Football in Yorkshire

Football in Yorkshire

Football in Yorkshire refers to the sport of association football in relation to its participation and history within Yorkshire, England. The county was the largest in the United Kingdom and as thus has many football clubs professional and amateur.

Sheffield in South Yorkshire is recognised by FIFA and UEFA as the birth place of club football, due to the fact that Sheffield FC are the oldest association football club in the world.cite web|url=||title=World's Oldest Football Club|accessdate=2007-06-27] With its origins in the "Sheffield Rules" code, the game eventually spread to other parts of the county after Hull local Ebenezer Cobb Morley wrote The Football Association's "Laws of the Game", which are still used worldwide today.

History as footballing innovators

The county has a very long tradition in the sport; it is officially recognized by FIFA as being the birthplace of club football as the world's oldest club Sheffield FC was formed in Yorkshire during 1857.cite web|url=||title=World's Oldest Football Club|accessdate=2007-06-27] Two men from Sheffield, South Yorkshire codified a set of rules for the game in 1857, these were known as the Sheffield rules and the Football Association rules which were created in 1863 were based in part on them. Ebenezer Cobb Morley was the first secretary of The Football Association, its second ever president and the man who drafted the FA's laws of the game at his home was a Yorkshireman from Hull.

The world's first ever inter-club match took place on 26 December 1860 in Yorkshire; the match was between Sheffield F.C. and a newly formed club named Hallam F.C.; Sheffield won 2–0. As Hallam were also from the city of Sheffield, this would also prove to be the world's first ever local derby in club football. Notably, Hallam's home ground Sandygate Road, at which they still play at today, was first opened in 1804 and is recognized by the Guinness Book of Records as the oldest ground in the world. [cite web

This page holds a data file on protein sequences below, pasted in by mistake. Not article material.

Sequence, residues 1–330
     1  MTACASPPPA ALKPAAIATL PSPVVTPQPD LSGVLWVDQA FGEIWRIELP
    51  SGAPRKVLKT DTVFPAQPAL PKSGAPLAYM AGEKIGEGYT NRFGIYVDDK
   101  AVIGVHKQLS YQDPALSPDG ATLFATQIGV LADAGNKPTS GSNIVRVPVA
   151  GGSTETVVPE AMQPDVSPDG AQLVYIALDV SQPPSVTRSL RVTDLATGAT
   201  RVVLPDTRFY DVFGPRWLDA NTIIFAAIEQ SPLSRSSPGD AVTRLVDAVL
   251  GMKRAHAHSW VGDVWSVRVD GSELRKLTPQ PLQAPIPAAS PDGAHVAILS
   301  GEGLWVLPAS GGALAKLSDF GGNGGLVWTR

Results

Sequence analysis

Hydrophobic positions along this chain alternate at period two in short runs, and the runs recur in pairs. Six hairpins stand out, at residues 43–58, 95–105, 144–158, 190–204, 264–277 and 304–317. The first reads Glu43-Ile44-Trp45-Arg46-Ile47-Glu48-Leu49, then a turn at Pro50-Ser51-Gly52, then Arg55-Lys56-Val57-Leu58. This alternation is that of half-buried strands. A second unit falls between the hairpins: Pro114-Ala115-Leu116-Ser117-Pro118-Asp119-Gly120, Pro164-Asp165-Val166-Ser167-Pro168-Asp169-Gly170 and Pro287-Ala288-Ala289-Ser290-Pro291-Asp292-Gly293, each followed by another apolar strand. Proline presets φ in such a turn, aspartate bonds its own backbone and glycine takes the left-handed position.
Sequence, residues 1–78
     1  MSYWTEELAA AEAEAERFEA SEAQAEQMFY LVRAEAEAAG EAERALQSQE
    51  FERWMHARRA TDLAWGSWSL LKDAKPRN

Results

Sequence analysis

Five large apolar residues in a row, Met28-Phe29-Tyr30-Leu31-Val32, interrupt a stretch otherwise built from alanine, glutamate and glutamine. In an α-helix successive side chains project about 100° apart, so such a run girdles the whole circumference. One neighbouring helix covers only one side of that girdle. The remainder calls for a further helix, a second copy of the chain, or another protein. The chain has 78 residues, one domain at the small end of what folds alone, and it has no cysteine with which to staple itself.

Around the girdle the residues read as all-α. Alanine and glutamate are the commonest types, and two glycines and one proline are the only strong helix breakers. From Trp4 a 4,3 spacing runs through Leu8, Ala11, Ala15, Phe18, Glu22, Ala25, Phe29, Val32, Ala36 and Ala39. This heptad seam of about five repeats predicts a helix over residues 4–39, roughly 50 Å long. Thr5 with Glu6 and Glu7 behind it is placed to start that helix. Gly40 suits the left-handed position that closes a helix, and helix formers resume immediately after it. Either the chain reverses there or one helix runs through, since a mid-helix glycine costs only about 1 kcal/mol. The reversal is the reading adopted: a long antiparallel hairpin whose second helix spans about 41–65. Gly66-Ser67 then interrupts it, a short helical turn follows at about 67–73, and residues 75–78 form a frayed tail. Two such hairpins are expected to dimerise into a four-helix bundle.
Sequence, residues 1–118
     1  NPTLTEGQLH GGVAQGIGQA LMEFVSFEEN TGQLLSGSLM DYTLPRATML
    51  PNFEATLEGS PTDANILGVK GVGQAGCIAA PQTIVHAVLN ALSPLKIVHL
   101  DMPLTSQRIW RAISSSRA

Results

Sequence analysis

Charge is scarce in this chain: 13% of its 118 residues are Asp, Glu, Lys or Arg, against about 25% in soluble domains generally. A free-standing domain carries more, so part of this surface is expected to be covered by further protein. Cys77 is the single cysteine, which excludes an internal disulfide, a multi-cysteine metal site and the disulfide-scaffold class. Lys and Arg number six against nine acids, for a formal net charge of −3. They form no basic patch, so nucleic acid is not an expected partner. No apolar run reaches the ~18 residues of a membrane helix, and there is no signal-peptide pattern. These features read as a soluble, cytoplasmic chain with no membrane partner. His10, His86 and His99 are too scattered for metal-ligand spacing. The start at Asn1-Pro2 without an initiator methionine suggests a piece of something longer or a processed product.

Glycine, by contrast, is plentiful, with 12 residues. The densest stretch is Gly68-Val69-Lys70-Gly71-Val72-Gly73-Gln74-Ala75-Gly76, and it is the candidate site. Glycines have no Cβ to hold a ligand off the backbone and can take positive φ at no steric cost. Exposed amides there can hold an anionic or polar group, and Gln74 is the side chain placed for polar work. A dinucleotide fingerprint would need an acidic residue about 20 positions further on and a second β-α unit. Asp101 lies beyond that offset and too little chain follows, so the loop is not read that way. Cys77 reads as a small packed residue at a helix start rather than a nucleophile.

title=The Ultimate A-Z of Sheffield
month=September | year=2003
author=Rob Power

Top level of English football

Below is information pertaining to the number of seasons each Yorkshire football club has spent at the top level in English football. This includes the top level of The Football League from 1888 until 1992, the Football Alliance and the Premier League.:"Correct as of the 2007–08 season"
*Sheffield Wednesday — 69
*Sheffield United — 59
*Middlesbrough — 57
*Leeds United — 50
*Huddersfield Town — 30
*Bradford City — 12
*Bradford Park Avenue — 3
*Barnsley — 1

Overall success

Northern Counties East Football League Division One
*AFC Emley
*Dinnington Town
*Hall Road Rangers
*Leeds Met Carnegie
*Pontefract Collieries
*Rossington Main
*Scarborough Athletic
*Tadcaster Albion
*Worsbrough Bridge MW
*Yorkshire Amateur

Central Midlands Football League Supreme Division
*Askern Welfare
*Bentley Colliery
*Hatfield Main

Central Midlands Football League Premier Division